Inflation: The Macroeconomic Consequence of Terror Activity in Pakistan (79132)

Session Information:

Session: On Demand
Room: Virtual Video Presentation
Presentation Type: Oral Presentation

All presentation times are UTC + 9 (Asia/Tokyo)

This study estimates the impact of terror activity on inflation in Pakistan. Considered as one of the most dangerous places in the world, Pakistan is the epicenter of terror activity since September 11, 2001 (9/11). Apart from casualties of innocent people and damage to infrastructure, there are other macroeconomic consequences of terror as well. Terror activity disrupts the supply-chain and influence consumer behavior that has implications for inflation. After developing the terror index (TI) which captures the impact of terror activity in Pakistan, Autoregressive Distributed Lag (ARDL) model is used on monthly data starting from January 2002 to October 2023. This estimation strategy provides both the short-run and long-run coefficients and analyses the long-run relationship between inflation and terror index. Traditional determinants of inflation such as money supply, government borrowing from the central bank, nominal exchange rate and a dummy for massive floods are used as ‘control’ variables in this study to gain improved model fit and address the problem of endogeneity. The results show that the coefficient of terror index is statistically significant both in the short-run and the long-run. A rise in terror activity leads to an increase in inflation. Coefficients of control variables are also statistically significant and in line with economic intuition.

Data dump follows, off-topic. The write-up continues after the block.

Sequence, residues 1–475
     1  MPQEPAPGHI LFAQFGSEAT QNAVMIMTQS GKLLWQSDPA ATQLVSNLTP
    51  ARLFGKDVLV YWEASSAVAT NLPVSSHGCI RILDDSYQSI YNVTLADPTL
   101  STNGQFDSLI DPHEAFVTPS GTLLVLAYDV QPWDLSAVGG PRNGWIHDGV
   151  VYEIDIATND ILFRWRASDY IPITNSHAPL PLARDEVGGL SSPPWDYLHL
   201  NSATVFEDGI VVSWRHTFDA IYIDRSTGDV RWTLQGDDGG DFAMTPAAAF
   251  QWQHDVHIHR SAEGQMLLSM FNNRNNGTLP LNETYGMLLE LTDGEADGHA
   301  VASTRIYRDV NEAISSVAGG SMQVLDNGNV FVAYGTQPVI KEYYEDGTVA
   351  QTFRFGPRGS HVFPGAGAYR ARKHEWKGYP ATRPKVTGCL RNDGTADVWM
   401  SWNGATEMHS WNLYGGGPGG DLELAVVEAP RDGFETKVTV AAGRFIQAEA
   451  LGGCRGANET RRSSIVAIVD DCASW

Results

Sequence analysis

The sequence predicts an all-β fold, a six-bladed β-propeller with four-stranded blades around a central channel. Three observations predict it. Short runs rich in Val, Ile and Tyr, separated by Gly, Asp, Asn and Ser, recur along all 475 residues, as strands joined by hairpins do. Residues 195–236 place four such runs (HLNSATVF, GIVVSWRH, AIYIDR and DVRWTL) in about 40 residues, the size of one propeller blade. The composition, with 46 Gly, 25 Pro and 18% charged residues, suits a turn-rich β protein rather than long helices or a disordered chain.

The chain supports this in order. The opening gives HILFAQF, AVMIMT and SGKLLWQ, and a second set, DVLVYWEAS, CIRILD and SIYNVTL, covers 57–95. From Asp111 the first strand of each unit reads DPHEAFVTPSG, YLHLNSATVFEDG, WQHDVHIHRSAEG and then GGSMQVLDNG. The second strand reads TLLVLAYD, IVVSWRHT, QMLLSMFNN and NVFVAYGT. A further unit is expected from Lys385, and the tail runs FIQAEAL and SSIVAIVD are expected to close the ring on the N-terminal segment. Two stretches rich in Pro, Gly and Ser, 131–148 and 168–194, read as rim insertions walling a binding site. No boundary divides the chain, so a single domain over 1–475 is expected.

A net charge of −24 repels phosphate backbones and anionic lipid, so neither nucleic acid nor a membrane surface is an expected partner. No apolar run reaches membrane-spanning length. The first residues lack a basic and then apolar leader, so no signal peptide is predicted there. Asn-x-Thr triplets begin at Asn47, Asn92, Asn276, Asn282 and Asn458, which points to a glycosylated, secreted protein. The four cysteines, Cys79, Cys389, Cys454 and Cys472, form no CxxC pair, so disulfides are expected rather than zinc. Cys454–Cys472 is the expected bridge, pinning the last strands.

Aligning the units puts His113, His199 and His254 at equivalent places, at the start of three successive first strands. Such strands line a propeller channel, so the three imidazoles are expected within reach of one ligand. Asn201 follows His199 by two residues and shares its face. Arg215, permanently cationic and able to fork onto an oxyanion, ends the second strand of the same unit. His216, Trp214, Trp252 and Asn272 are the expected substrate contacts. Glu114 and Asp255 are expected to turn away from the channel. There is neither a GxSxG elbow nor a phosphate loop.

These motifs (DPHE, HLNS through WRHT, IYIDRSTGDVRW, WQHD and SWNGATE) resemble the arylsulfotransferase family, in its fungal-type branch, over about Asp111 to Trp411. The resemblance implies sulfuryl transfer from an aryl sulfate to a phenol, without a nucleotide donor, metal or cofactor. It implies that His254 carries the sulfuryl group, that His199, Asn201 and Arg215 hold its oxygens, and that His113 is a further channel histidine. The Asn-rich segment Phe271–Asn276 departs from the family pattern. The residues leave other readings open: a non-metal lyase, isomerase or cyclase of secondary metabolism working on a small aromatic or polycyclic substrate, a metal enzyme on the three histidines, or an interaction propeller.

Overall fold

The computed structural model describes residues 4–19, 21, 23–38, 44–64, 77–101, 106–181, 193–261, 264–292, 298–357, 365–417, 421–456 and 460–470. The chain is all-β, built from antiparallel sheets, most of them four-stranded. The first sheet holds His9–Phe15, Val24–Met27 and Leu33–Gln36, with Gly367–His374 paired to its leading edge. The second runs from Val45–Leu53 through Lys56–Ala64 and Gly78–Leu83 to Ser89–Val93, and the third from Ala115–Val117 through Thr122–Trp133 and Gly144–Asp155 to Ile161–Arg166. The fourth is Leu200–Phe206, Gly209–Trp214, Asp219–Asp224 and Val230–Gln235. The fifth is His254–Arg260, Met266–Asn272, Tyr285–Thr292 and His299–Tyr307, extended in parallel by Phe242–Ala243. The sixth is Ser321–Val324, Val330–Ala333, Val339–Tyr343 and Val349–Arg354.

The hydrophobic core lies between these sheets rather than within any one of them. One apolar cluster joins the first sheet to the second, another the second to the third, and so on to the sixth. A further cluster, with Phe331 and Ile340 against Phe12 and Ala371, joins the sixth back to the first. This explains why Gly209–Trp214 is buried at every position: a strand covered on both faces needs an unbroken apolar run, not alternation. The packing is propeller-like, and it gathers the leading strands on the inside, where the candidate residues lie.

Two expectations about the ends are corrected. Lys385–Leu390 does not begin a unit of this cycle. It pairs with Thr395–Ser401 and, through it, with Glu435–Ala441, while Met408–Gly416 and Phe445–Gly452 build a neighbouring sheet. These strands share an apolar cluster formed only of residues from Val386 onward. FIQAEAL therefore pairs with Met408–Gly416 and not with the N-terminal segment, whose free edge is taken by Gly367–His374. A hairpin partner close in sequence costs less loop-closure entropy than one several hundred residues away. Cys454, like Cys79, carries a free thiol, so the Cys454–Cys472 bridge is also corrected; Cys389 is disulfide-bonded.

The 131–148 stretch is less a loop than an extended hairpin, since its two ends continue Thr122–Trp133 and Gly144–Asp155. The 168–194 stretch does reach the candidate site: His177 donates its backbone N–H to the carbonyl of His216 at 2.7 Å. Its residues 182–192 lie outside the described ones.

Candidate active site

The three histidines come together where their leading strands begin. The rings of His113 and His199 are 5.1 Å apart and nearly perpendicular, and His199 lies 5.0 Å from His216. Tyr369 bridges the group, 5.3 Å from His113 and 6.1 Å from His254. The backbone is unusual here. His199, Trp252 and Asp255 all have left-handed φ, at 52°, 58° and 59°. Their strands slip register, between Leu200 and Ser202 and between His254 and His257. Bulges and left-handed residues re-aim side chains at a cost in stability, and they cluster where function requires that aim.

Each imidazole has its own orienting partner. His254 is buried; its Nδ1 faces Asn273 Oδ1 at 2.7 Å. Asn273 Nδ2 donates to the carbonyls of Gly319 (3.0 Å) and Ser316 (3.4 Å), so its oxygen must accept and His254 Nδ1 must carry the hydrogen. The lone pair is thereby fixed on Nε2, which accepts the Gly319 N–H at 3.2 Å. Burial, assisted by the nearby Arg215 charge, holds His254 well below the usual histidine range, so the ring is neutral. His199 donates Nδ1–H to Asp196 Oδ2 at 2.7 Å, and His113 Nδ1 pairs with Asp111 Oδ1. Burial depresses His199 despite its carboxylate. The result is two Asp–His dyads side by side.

Syed Zulqernain Hussain, University of Otago, New Zealand

About the Presenter(s)
Syed Zulqernain Hussain is currently a PhD candidate at the University of Otago and on a sabbatical from State Bank of Pakistan where he is working as an Economist.

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Posted by Clive Staples Lewis

Last updated: 2023-02-23 23:45:00